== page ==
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Mormon News: All the News about Mormons, Mormonism and the LDS Church
Posted 05 Aug 2001   For week ended August 3, 2001
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Political News

LDS Councilman's Racial Jokes Cause Nampa ID Controversy
An LDS city councilman's racial jokes told at a public luncheon caused a storm of controversy last week after a reporter questioned the remarks in a local newspaper column. Nampa City Councilman and local businessman Martin Thorne told the jokes from behind a black-face mask as part of a long-running, friendly exchange of gibes with local black rodeo clown Leon Coffee, who Thorne was introducing at the Miss Rodeo Luncheon before the Snake River Stampede rodeo.

Mosman to be US Attorney for Oregon
US President George W. Bush announced yesterday that he will nominate Michael W. Mosman as US Attorney for Oregon. Mosman is a graduate of BYU's J. Reuben Clark Law School and of Ricks college, which last year named him Outstanding Young Alumni for 2000.

Liquor Advertising in Utah 'Self-Censoring' Despite Court Ruling
In an effort to subjugate the First Amendment, advertisers and bar owners have developed their own system of self-censorship to get around Utah's Alcoholic Beverage Control Commission. Utah Gov. Mike Leavitt is a Mormon who has stocked the Commission with four other Mormons and one social drinker. In a recent reversal by 3rd District Judge Leslie Lewis, a four year old decision was overturned that found The Paper Moon, a private club that caters to the gay and lesbian community in Utah, not-guilty of an illegal solicitation of membership and an inducement to overconsume in violation of Utah Code.

Politics: New Political Feature Introduced
Today Mormon News introduces a new regular feature that tracks the legislative activities of the 17 Mormons serving in the US Congress. The weekly message looks at how these Mormon politicians vote on major legislation, legislation most in the news, legislation introduced by Mormons and legislation that is otherwise Mormon. It also tracks the legislation that Mormon politicians have introduced.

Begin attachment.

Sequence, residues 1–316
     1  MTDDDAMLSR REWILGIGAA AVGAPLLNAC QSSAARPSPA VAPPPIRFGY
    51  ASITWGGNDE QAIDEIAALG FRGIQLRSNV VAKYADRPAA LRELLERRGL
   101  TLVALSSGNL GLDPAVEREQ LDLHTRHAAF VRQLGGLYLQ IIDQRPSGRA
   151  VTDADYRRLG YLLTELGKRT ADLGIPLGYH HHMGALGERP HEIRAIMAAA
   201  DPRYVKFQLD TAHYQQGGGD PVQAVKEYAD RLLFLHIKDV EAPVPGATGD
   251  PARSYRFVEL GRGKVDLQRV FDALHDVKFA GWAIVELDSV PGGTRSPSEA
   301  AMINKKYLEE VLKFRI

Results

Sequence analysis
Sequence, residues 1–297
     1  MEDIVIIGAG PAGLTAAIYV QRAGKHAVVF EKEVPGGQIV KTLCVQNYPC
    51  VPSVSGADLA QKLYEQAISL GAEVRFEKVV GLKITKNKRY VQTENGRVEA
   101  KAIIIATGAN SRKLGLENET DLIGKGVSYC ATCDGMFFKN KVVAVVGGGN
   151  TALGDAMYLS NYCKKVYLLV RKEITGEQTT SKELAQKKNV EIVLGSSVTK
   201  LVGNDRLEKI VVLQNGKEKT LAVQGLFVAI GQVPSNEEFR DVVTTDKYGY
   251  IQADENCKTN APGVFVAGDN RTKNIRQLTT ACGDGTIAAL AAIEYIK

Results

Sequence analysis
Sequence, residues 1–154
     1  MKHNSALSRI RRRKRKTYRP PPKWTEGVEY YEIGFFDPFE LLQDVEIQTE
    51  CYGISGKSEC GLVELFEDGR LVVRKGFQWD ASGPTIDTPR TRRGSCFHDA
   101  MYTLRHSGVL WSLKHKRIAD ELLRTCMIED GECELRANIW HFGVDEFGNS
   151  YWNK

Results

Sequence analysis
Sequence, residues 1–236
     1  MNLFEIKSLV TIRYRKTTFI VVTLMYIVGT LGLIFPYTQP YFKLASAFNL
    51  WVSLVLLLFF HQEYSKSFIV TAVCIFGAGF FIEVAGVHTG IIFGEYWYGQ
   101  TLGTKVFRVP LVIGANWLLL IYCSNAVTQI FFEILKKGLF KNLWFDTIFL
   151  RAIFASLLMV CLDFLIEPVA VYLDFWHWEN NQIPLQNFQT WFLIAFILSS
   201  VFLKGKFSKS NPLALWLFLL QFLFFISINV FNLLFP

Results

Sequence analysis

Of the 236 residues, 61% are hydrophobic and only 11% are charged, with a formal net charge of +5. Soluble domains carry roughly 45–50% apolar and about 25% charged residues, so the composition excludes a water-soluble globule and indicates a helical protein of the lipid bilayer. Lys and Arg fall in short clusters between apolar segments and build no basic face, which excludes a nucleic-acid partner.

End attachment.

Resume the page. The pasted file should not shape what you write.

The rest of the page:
Political News Briefs

North Carolina's Argument Supports Utah, Says Utah Attorneys
The arguments made by North Carolina in Utah's lawsuit against the Census Bureau actually support Utah's case, claim the state's attorneys. Utah filed a response last Wednesday to North Carolina's request that the court dismiss the lawsuit or rule against Utah without a hearing. Utah is arguing that the Census Bureau's enumerators guessing of the number of people living in a house when no one could be reached is illegal, and that this 'imputation' benefitted North Carolina, "They're denying that imputation is a form of sampling. In our opinion, what they did in this case is much worse," said Ray Hintze, chief deputy in the Utah Attorney General's Office. "If it's distinguishable, it's worse than what was struck down." Utah is asking for these numbers to be excluded from the Census because the US Supreme Court ruled in 1999 that the US Constitution requires a count of actual persons and prohibits guessing or scientific adjustment. An earlier lawsuit by Utah alleged that the Census Bureau should have counted overseas LDS missionaries.


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